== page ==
At the top we welded one support over the width of the canopy above the middle side leg. We then welded supports on both sides over the length of the canopy. These supports are the correct distance apart to be able to fit a roof top tent. The centres of these supports are about 870mm appart.
Below are the main dimensions mentioned so far. Please note that these dimensions are only an indication and will differ on each different type of vehicle.
Now that the frame is complete we have to start with the doors.
I decided to fit the door frames and doors before I fitted the roof cladding. The reason was simple; it gives you much more space to work.
I also decided not to make frames for the doors itself. I just use a 3mm thick aluminium checkered plate with no frame. It does distort a little bit over the long edges and I might add a piece of tubing on the inside to strengthen it later on.
To attach the rubber to the frame I used a 20x20x1.6mm angle aluminium. Because the strip is so thin I decided to pop-rivet it to the frame. I did add some “Sikaflex – 221” to the back of the strip before I attached it with the pop rivets. Sikaflex is a type of silicon but it is much stronger. It not only seals the frame but also ads to the strength. Apparently normal silicon will corrode the Aluminium and Sikaflex was developed especially for Aluminium. I also used Sikaflex to attach the roof cladding.
Because the uprights were welded in the corners the corners could not be cut perfectly. These little gaps in the corner were all closed with Sikaflex afterwards. See the next two photos
You can see that the door rubber slides neatly over the 20×20 angle.
When fitting the doors I found that the hinges’ one side was a bit to long. So I had to cut them shorter and drill new holes.
I used 5mm Stainless steel screws with lock nuts to attach the doors.
We bought these nifty locks. You can get them at 4x4Direct.co.za, called “Pressure Lever Lock”. On the outside the lock closes without anything sticking out and on the inside it pulls the door onto the rubber. It is also adjustable and you can order all locks with the same keys.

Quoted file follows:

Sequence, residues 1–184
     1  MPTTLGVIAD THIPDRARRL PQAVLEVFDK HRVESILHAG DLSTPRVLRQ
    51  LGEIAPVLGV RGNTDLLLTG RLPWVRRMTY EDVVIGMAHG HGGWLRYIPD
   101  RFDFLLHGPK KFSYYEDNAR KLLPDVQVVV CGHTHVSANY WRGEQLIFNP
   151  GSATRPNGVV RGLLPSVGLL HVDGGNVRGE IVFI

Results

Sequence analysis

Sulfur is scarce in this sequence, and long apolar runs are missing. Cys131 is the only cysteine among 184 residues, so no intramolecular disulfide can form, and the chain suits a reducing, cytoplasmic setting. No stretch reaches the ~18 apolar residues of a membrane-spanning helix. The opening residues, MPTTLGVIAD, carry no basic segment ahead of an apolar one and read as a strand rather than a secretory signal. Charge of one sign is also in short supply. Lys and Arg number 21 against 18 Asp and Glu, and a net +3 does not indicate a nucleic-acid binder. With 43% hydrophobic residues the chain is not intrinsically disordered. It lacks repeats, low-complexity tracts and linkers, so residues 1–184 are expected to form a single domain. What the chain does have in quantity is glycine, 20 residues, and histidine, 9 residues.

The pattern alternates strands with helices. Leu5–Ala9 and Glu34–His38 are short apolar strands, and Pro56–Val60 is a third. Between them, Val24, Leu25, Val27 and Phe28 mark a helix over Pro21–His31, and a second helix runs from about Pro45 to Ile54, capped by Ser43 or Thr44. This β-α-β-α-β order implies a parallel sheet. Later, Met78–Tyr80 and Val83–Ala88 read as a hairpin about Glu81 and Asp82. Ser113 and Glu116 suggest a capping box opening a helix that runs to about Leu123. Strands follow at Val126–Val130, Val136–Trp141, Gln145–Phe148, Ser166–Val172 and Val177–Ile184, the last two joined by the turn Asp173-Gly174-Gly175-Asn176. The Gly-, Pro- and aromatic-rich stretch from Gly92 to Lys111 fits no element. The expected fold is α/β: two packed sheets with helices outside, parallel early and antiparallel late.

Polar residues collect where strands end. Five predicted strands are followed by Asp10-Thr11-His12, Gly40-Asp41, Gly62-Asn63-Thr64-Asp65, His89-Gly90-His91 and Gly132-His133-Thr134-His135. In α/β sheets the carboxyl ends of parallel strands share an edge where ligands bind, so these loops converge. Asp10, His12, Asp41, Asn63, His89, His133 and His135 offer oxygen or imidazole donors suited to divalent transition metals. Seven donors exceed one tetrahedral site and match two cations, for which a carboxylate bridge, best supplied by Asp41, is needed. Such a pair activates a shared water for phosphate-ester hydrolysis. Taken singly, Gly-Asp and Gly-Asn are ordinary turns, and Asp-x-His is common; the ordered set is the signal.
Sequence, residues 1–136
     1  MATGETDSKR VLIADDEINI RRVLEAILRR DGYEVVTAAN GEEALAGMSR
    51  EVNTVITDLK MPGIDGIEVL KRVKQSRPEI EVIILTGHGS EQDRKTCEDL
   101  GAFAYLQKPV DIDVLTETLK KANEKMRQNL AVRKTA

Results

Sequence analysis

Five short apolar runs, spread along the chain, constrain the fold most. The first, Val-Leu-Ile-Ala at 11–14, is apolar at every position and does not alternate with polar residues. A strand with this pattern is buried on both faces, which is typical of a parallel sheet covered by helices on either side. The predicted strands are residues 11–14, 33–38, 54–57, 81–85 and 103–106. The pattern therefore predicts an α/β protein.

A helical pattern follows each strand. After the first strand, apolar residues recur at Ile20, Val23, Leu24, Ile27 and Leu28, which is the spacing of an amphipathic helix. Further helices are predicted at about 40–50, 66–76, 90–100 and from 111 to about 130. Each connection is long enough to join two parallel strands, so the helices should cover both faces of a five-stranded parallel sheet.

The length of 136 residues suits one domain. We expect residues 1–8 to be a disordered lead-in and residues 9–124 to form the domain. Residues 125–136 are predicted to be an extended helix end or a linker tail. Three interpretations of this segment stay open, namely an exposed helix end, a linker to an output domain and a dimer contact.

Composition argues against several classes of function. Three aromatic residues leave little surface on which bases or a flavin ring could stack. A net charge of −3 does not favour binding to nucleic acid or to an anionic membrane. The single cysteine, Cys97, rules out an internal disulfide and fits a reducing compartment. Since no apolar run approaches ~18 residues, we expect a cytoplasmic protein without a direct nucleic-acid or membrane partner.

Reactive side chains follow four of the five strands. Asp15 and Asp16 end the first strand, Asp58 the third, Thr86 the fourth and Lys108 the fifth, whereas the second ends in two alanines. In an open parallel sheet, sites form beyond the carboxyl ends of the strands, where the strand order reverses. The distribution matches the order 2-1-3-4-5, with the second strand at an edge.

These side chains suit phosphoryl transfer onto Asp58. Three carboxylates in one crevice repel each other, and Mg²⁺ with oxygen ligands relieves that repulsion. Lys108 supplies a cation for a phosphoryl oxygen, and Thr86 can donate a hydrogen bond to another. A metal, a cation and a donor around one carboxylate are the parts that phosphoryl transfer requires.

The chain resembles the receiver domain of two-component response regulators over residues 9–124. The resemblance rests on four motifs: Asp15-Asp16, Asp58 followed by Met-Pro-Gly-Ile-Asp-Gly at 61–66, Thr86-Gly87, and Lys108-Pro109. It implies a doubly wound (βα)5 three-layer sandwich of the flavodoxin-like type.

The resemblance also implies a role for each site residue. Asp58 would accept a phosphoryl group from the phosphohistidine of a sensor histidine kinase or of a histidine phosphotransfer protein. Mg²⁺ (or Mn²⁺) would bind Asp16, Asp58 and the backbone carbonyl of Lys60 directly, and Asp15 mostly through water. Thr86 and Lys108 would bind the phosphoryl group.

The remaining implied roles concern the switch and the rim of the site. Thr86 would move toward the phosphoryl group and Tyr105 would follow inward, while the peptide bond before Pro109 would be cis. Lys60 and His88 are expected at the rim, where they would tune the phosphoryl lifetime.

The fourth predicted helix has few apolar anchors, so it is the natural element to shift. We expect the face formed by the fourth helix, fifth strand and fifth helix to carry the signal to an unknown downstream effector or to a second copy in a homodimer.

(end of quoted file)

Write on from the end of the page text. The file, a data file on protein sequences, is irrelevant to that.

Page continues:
In order to fit the locks you need to cut a square hole in the cladding. I added some Sikaflex to the hole before I finally installed the lock. The lock comes with a rubber sea but the patterns on the checkered plate cause the seal to deform and the lock then does not close properly. That is why I removed the seal and use Sikaflex instead.
The should of the lock is very small so you must cut the hole exactly the same size as the lock.
Below are picture of the lock in the closed and open positions:
The back door
I had the sheet for the back door cut 20mm larger than the opening. I then measured the angle of the side of the loading bin. I took it to a company with a bending machine and asked them to bend the lower end to the same degree. This lip helps with sealing the door on the tail gate of the loading bin. It also prevent somebody from opening the tail gate if the canopy is locked.
As I already mentioned I used 3mm Aluminium checkered plate for the doors. You can use thinner, lighter and cheaper plate, but then you will have to build a frame for each door. Although the doors do distort a little bit in the middle, the distortion is not enough to cause a leak. I will add some supports on the inside in the near future. I think using a thicker plate saves a lot of time and space as you do not need another frame.
For the boxes at the back I used 9mm ply wood. I bought half a sheet. That was just enough to manufacture the two boxes at the back.
I used the same 20x20x1.6 aluminium angles to secure the wood panels to each other. I used pop-rivets to attach the wood to the aluminium strip. I also added an extra washer on the wood side of the pop rivet in order to prevent the head of the pop rivet pulling through the wood. See pictures below:
To secure the box to the canopy frame I added a 20x20x1.6 aluminium angle to the bottom and back of the frame. So these supports will remain on the frame, i can then remove the box if I want to.
At the front the angle iron securing the box is extended to the high of the roof so that it can bolt onto the support in the roof.
The kitchen takes very long and I guess the outlay of this will be unique to each person’s taste. I actually enjoyed building the kitchen the most.
It performed very well on its first trip to Namibia in June 2008. The only place where a little bit of dust came in was where the tail gate and canopy door comes together. I will still work on some plans to add some more rubbers to it.
Below is a more or less break down of the costs (2008):
15m Door Rubbers – R342.00
2 x Sikaflex tubes – R160.00
10x Locks – R1,057.00
10x Hinges – R264.48
5x Gas shocks with fittings – R421.80
Aluminium tubing – R2312.17
Aluminium checkered plate – R2,000.00
Cutting and bending – R300.00
Aluminium Welding – R2500.00
Nuts, bolts, pop rivets, etc – R200.00
Total cost – R9557.45 ( in 2008)
You can buy the locks, hinges, door rubbers, shock mounts and sikaflex online at 4x4direct.co.za
Aluminium Tubing and flatbar – Almex in Blackheath (021)905-5770
Aluminium checkered plate and cutting – Non-ferrous Metal Works in Soutrivier -(021) 5110286